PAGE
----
Friday, November 17, 2006

Iraq: The Dirty Shiite Option

This Friday evening post only to introduce the troubling collection of perspectives on supporting the Shi'ites in Iraq in this Dan Drezner post: "The quickest and dirtiest path out of Iraq". In that context, please do check out James Fearon's apt House testimony, which Drezner links to. Here's the exec summary:
• By any reasonable definition, Iraq is in the midst of a civil war, the scale and extent of which is limited somewhat by the US military presence.
• Civil wars typically last a long time, with the average duration of post-1945 civil wars being over a decade.
• When they end, they usually end with decisive military victories (at least 75%).
• Successful power-sharing agreements to end civil wars are rare, occurring in one in six cases, at best.
• When they have occurred, stable power-sharing agreements have usually required years of fighting to reach, and combatants who were not internally factionalized.

• The current US strategy in Iraq aims to help put in a place a national government that shares power and oil revenues among parties closely linked to the combatants in the civil war. The hope is that our presence will allow the power-sharing agreement to solidify and us to exit, leaving a stable, democratic government and a peaceful country.

• The historical record on civil war suggests that this strategy is highly unlikely to succeed, whether the US stays in Iraq for six more months or six more years (or more). Foreign troops and advisors can enforce power-sharing and limit violence while they are present, but it appears to be extremely difficult to change local beliefs that the national government can survive on its own while the foreigners are there in force. In a context of many factions and locally strong militias, mutual fears and temptations are likely to spiral into political disintegration and escalation of militia and insurgent-based conflict if and when we leave.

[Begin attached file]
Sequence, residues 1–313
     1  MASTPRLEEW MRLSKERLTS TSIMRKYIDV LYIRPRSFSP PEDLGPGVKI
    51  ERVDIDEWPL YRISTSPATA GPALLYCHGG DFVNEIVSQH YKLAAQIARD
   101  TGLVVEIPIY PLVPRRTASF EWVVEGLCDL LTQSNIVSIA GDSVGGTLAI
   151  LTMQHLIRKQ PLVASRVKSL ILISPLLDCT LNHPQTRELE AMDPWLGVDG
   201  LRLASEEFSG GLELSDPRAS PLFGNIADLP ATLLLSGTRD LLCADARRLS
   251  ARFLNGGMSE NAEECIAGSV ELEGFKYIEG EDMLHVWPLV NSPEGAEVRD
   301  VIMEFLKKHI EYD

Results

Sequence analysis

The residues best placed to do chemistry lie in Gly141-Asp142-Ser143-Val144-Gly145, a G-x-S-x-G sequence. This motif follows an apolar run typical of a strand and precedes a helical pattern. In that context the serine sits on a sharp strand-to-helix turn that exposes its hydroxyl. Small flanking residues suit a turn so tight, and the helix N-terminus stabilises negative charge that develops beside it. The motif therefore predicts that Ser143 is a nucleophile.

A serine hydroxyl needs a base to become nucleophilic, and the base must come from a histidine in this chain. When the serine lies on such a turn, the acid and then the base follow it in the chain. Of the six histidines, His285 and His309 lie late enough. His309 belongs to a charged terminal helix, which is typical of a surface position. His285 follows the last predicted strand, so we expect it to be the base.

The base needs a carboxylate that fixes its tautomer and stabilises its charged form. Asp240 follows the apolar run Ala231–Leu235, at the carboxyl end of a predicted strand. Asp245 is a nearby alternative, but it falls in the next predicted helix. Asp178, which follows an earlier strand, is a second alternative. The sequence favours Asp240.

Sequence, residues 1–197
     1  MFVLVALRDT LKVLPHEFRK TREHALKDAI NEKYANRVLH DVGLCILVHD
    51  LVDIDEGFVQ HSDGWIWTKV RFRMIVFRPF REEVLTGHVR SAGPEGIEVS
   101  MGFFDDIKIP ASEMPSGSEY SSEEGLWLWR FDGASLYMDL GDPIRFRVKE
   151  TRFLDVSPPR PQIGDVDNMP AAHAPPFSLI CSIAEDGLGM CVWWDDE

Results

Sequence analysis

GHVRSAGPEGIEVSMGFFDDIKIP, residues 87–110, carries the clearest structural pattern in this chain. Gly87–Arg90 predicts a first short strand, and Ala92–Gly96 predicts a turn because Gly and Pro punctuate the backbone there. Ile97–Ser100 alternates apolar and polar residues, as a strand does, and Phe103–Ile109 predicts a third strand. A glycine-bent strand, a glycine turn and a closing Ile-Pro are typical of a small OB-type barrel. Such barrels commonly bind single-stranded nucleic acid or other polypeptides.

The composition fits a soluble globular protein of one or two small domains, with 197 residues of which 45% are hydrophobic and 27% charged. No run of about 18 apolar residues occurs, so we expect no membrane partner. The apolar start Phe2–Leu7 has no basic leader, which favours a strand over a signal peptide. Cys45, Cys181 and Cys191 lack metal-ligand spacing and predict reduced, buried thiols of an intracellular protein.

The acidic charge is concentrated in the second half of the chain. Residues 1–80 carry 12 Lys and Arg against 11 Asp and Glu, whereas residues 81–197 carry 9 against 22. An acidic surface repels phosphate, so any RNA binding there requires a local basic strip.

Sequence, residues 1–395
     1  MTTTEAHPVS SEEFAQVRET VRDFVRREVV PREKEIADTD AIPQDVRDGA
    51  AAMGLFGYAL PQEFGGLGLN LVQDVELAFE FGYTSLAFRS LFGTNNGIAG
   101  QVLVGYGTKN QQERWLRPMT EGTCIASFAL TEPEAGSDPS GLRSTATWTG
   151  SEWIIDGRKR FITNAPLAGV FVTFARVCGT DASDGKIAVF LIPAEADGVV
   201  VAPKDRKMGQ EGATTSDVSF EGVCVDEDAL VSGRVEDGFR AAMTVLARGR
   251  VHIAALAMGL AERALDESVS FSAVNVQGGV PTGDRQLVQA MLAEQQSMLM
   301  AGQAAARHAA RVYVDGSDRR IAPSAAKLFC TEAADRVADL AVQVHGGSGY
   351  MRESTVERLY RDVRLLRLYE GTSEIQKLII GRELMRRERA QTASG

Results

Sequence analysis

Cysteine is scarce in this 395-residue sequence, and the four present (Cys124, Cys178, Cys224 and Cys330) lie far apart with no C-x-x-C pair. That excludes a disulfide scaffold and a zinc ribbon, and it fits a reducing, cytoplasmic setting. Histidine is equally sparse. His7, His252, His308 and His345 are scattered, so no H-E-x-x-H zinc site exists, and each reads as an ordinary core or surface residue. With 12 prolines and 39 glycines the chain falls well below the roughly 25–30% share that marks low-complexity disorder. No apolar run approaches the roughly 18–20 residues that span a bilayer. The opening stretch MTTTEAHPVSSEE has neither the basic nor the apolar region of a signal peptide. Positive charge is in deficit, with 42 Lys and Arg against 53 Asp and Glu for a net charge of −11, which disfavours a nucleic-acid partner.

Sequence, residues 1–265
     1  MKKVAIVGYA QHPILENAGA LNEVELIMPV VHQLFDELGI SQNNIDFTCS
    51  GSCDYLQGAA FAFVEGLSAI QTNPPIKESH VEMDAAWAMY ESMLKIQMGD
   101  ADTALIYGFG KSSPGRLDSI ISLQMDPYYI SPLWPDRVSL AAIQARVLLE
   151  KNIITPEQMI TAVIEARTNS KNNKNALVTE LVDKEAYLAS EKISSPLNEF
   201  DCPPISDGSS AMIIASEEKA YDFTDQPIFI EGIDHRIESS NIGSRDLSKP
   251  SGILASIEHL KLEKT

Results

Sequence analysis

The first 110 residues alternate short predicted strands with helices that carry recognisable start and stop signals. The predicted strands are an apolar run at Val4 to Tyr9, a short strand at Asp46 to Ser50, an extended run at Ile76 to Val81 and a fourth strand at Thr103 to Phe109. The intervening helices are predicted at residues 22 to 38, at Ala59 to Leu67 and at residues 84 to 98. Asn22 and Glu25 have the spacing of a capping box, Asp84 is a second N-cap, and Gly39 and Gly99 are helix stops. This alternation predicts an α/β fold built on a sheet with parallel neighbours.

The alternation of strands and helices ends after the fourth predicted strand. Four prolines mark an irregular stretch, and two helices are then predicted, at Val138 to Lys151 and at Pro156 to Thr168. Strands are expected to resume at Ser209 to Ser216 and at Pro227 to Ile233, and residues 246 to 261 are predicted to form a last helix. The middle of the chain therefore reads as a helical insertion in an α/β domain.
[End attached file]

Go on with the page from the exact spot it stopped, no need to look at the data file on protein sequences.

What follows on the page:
• Thus, ramping up or “staying the course” amount to delay tactics, not plausible recipes for success as the administration has defined it.
• Given that staying the course or ramping up are not likely to yield peace and a government that can stand on its own, I argue for gradual redeployment and repositioning of our forces in preference to an extremely costly permanent occupation that ties our hands and damages our strategic position in both the region and the world.
• Redeployment and repositioning need to be gradual primarily so that Sunni and Shiite civilians have more time to sort themselves out by neighborhood in the major cities, making for less killing in the medium run. Depending on how the conflict evolves, redeployment might take anywhere from 18 months to 3 years.
• The difficult questions for US policy concern the pace and manner of redeployment: how to manage it so as to maximize the leverage it will give us with various groups in Iraq; and how to manage it so as to minimize the odds of terrorists with regional and global objectives gaining a secure base in the Sunni areas.

According to Fearon's research, only 25% of civil wars have ended without a decisive military victory, of which 17 points are the result of a powersharing agreement. The very tricky question is whether both the playing out of a full-scale civil war and non-powersharing result are endstates the coalition can live with? Or can a turn of the table result in a faster solution -- but one that results in a constitutional setup not too far from the present?

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